Thursday, 29 October 2015
The Doctor will see you now
Over a year ago, a strange place by Paddington Station in London closed its doors to the public for the last time. Within the red-brick walls of a former Royal Mail sorting office had been the world of Temple Studios, part of The Drowned Man, a massive immersive theatre production by Punchdrunk, in association with the National Theatre. Over four floors of this building were intricately detailed sets, through which a cast, pursued by audience members wearing white masks, danced, ran and fought. I loved it.
For some audience members, the experience became an obsession and, whilst I went a few times, it never became completely overwhelming for me. The modern dance, whilst impressive in its way, was not particularly interesting for me. No, for me, it was the chance to wander around what felt like genuine films sets; to, as the recurring line from the lay ran, live within a dream.
On my first visit, I had watched occasional audience members be singled out by performers, and be taken into private rooms for what became known, within the audience members social network, as "one to ones". On subsequent visits, I had experienced some of my own - with the greengrocer, the strange owner of the toyshop, the seamstress, but on the final occasion I visited, I hoped to have a one to one with the doctor, whom I had also seen early on my first trip.
That final night, with two or three other audience members, I had watched the doctor make a Rorschach test in his office, dripping ink into a folded piece of paper, unfolding it and considering the resulting pattern. Again, with others I followed him outside, and then watched as he took another white masked audience member into the private consultation room. Pah! I thought, and wandered off to see something else in the labyrinthine set.
Later, I wandered back through the doctor's main examination room, and saw the doctor again. This time, I must have been in the right place at the right time. He sauntered out of his office and I happened to be in front of him outside the consultation room. He fished in his pocket for his keys, and with hooded lids looked up at me.
"All right," he said, almost grudgingly. "I'll see you now. Come in."
He opened the door into the consulting room and we went inside. He locked the door behind us, took off the mask I was wearing and gestured for me to sit on the consulting table.
"How have you been?" he asked. "Have you been having any more of those bad feelings we talked about? No dark thoughts?"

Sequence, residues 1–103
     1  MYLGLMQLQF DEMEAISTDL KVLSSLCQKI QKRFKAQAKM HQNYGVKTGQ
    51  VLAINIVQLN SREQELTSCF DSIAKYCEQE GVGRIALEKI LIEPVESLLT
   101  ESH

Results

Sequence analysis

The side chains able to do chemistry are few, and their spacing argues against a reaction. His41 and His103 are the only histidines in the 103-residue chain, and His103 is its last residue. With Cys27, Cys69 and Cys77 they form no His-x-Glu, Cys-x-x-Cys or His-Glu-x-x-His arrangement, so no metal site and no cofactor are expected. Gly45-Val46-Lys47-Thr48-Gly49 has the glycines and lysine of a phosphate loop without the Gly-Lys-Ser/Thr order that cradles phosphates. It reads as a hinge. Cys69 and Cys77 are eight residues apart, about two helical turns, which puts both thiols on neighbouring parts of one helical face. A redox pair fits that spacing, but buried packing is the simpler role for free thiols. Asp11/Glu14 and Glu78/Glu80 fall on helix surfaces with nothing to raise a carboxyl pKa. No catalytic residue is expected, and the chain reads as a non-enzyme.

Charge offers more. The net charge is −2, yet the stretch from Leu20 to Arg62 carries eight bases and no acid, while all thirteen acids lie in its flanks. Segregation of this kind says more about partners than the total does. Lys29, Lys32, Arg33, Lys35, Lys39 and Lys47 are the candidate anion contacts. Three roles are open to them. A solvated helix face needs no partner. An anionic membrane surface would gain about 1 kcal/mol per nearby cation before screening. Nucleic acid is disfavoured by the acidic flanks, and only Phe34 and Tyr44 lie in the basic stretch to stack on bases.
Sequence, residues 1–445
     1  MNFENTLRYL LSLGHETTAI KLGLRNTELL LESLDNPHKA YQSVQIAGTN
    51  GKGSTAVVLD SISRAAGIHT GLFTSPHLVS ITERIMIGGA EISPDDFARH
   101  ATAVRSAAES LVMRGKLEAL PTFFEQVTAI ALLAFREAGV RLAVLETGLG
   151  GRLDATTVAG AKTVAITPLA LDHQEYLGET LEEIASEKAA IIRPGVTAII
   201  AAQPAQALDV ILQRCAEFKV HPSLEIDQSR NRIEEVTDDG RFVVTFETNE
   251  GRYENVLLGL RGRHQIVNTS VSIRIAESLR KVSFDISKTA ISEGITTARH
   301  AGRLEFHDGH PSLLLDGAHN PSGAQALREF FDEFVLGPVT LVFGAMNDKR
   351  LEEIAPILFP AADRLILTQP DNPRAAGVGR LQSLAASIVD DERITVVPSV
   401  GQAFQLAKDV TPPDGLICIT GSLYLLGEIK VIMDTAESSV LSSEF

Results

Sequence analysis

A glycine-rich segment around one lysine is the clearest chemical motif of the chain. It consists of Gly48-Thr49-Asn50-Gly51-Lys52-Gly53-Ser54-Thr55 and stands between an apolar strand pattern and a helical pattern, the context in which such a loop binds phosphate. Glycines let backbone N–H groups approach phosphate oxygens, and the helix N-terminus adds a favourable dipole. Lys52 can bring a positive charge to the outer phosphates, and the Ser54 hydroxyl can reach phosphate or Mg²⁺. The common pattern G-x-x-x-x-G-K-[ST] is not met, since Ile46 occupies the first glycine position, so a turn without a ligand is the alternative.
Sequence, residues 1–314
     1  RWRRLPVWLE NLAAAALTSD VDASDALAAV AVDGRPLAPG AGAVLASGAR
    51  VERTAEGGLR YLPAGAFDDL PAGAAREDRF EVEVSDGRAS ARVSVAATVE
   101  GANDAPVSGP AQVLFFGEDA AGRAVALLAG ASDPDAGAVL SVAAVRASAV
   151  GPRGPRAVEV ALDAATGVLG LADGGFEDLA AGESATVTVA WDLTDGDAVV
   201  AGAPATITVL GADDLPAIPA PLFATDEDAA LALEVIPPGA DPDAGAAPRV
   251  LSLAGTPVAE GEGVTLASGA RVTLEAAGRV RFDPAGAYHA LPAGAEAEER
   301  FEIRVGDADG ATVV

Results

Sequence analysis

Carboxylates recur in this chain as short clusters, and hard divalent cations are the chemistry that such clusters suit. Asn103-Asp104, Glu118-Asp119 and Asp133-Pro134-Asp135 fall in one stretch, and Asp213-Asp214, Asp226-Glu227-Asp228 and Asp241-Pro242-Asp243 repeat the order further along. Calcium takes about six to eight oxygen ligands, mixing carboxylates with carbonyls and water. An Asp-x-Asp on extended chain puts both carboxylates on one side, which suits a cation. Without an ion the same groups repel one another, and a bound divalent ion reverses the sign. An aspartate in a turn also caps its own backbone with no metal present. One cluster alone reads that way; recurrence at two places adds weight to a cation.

"No," I said, trying to keep in character. He nodded and looked me up and down, as if assessing how I was doing.
"I'm going to show you some pictures," he said, reaching for a box on the side, "and I want you to tell me what you see. Ok?"
"Sure," I replied.
He nodded some more and held out one Rorschach picture for me to examine. "What do you see?"
I thought for a bit, and then said, "A skull." He mulled this over and then put the picture away, bringing out another.
"How about this one?"
Part of me wanted to say something silly, but there was something profoundly hypnotic about the situation, so I looked at it again. He asked again, "What do you see?"
"A hanged man." I said, despite myself. He reflected on this for a moment, and looked at me. "'A hanged man', huh?"
"Yeah," I replied.
He thought for a bit longer, and tilted his head form side to side, as if judging the weight of what I had said. Then he looked at me, still thoughtful. "Hang-dang," he half sang, slightly mocking. "Hang-dang... ding-dang."
He was staring at me quite intently, and I was strongly conscious of a desire to smile or laugh, in spite of the strangeness of the moment; the same sort of crazy impulse that makes people laugh at funerals - it's the worst possible thing one could do, which is why it becomes almost the only thing one wants to do.
He put the pictures away and sat next to me on the consulting table. He looked at me, keeping eye contact, then he looked away.
"Nobody likes you," he said, half matter of factly, half aggressively. "People avoid you." Then he nodded, as if that part of the consultation was over, and told me to face the wall, on which was an eye chart. He told me to read it, and I did, line my line.
Half way through, he clamped one hand over my eyes, and the other around the back of my head. All the time, music was swelling around us, and he talked directly into my ear, as he massaged my head.
"You like people," he said. "People like you. You are friendly. You are tidy. When you see a piece of paper on the floor you pick it up."
Then the music reached a crescendo, and it was over. He put my mask back on and led me towards the door, pausing slightly. I looked down where we were standing, and saw a piece of paper on the floor. I bent down to pick it up, I pocketed it, without looking at it, and left the consulting room, as he opened the door.
When I had crossed the boardroom beyond his corridor, I un-crumpled the paper, and written on it were the words, "You're making good progress."